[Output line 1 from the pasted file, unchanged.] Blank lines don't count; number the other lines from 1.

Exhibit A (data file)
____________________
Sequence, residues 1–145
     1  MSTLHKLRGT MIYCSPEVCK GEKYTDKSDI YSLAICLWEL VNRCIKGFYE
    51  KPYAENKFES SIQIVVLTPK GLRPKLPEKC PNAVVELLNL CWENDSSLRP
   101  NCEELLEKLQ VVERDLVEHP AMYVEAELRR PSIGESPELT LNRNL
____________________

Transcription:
Sequence, residues 1–145